geography: a history

Download Geography: A History

If you can't read please download the document

Post on 17-May-2015




0 download

Embed Size (px)


A brief history of the development of geography as an academic subject.


  • 1. Geography: A History

2. Origins of modern Geography

  • Origins of modern geography can be dated back to western Europe in the 16 thcentury.
  • Expansion of European power.
  • By 1600 the Atlantic trading system had establish links between Europe and the New World .
  • Increased range of European travel and trade transformed European perceptions of the world.
  • European universities began to offer specialized courses in geography.

3. Scientific Revolution

  • Foundations of modern science established during 17 thcentury.
  • Navigational skills that merely facilitated scientific discovery.
  • Discussions of the relative merits of different societies, cultures and civilizations around the world.
  • 18 thcentury era of European enlightenment.

4. Geography as exploration

  • Geography as navigation transformed into Geography as exploration.
  • Scientific exploration as an objective
  • New navigational and cartographical techniques.
  • 1769 James Cook voyage a turning point in the development of modern geography.
  • Exploration reflected imperial objectives

5. Enlightenment Geography

  • Alexander von Humboldt : Prussian, explorer and author
    • Ideas shaped by late 18 thcentury European romanticism
    • Notable travels in South America
    • Sought a systematic science of geography
  • Carl Ritter : German, writer, explorer
    • Unfinished 19 volume Erdkunde published in mid 19 thC
    • Objective to create a generalized world geography

6. Emergence of Societies

  • 1778 Association for Promoting the Discovery of the Interior Parts of Africa.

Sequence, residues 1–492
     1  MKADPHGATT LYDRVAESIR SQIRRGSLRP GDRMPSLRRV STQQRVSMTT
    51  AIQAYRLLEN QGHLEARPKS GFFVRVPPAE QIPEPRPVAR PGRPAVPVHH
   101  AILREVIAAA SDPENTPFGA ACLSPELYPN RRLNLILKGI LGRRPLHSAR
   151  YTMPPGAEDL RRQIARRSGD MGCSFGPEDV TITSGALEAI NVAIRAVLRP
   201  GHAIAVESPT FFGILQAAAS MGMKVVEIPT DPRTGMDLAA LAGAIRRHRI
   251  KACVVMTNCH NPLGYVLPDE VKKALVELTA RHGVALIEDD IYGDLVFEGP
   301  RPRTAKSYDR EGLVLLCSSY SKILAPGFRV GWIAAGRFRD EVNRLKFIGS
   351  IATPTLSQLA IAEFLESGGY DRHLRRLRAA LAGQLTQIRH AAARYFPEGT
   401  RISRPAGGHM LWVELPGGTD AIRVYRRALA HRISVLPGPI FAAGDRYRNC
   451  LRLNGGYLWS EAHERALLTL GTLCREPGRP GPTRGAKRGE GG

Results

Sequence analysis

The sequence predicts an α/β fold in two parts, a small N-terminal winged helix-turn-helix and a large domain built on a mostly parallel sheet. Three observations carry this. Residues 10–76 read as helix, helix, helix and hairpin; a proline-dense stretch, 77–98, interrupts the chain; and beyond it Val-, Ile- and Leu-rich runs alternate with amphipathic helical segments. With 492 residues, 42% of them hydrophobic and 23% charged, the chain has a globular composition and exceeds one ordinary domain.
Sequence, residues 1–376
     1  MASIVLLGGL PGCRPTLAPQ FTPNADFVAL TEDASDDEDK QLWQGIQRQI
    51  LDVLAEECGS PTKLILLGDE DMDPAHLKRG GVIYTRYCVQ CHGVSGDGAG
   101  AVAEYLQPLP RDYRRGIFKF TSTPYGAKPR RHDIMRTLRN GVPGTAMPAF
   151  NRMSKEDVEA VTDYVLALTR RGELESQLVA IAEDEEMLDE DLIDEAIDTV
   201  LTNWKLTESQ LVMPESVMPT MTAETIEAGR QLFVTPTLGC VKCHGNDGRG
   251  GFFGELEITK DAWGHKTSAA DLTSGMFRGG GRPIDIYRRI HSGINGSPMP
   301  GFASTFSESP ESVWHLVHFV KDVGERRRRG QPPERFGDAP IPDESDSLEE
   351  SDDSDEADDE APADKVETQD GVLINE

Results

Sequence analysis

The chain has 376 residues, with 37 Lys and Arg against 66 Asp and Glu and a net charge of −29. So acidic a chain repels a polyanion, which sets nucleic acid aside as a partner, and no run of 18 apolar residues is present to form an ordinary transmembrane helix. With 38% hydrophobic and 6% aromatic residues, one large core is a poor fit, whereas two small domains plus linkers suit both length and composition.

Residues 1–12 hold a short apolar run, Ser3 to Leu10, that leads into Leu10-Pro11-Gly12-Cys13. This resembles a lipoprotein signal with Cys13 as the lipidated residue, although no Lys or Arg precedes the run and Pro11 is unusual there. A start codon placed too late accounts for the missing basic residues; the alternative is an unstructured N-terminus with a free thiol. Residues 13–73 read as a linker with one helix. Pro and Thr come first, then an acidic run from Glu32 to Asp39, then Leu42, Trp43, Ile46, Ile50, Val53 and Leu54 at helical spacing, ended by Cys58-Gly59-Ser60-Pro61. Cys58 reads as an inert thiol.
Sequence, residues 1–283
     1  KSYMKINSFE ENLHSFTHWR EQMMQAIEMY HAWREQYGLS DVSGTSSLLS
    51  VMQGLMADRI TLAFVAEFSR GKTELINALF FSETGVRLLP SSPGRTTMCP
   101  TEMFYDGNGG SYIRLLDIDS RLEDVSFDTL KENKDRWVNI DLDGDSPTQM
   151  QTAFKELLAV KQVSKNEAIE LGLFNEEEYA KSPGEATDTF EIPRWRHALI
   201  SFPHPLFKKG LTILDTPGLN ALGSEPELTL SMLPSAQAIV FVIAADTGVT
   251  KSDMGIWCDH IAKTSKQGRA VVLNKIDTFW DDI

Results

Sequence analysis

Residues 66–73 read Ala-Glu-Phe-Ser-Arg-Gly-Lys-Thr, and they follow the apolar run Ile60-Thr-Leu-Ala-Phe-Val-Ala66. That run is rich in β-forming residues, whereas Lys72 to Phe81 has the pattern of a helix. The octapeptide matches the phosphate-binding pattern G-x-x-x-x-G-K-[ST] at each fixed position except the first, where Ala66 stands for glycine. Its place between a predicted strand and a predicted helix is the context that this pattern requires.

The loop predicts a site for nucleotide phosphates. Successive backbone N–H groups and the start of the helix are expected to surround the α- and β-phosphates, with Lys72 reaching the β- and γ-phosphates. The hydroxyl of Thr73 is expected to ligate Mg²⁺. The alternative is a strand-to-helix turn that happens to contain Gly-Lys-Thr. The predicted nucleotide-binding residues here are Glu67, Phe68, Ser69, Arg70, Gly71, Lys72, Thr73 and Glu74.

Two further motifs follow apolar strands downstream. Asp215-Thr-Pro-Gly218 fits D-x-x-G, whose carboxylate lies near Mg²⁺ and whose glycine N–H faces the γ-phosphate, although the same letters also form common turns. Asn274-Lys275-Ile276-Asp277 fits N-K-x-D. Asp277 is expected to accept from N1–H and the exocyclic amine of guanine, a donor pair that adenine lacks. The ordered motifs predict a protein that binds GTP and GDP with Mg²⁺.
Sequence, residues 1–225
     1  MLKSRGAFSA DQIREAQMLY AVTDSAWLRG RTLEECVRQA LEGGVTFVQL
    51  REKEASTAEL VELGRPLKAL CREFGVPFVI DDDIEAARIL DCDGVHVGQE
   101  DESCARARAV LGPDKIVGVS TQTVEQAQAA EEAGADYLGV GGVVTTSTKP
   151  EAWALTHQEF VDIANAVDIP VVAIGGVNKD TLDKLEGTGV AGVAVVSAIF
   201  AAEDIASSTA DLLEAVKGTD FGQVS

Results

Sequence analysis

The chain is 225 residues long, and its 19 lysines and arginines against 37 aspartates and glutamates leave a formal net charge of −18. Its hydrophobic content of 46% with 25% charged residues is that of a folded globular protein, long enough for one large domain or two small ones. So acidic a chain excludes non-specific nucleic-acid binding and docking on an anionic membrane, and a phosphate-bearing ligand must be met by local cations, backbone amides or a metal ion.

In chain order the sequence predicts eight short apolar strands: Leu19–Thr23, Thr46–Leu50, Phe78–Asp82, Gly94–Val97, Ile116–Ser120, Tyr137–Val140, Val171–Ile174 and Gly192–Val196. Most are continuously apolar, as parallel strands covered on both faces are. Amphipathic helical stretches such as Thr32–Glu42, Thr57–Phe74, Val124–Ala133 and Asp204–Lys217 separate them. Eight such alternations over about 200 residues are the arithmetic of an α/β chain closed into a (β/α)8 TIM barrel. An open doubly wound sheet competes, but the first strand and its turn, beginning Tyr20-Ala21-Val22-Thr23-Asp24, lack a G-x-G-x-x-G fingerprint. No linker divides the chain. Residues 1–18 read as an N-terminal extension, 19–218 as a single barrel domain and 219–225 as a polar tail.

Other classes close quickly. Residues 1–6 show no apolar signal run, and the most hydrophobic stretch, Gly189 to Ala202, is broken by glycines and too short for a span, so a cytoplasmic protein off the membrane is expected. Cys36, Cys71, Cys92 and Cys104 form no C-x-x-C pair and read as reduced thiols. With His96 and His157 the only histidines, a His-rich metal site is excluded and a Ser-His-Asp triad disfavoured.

• Pioneering expeditions by Mungo Park, Hugh Clapperton and Alexander Gordon Laing
  • French Revolution: halt the Enlightenment geographical enquiry but provided purpose for the further development of cartography and land survey.
  • First geographical societies emerge: Paris (1821), Berlin (1828), London (1830)

7. Emergence of the RGS

  • Royal Geographical Society became the focal point of world exploration.
    • 1850: nearly 800 fellows
    • 1870: 2,400 fellows
  • Number of prominent scientists joined: including Charles Darwin.
  • Dominant figure: Sir Roderick Murchison
  • Published general advice through its Hints to Travellers plus it boasts one of the largest private map collections in the world.

8. Success of the RGS

  • RGS exploited a national passion for heroism in exotic places that was enthusiastically promoted by the British press.
  • The explorer was the ideal masculine hero of Victorian society.
  • Extensive exploration of Africa many of the major explorers: Burton, Speke, Livingstone, Stanley were influenced by the RGS.
  • New challenges posed by exploration into Asia, the polar ice caps, and in particular the Himalayas.
  • Geographical societies across Europe expanded rapidly.

9. The time of imperialism

  • An age of European military and commercial colonization of the Americas, Asia and Africa.
  • After the Franco-Prussian war (1870) aggressive colonial expansion
  • The Scramble for Africa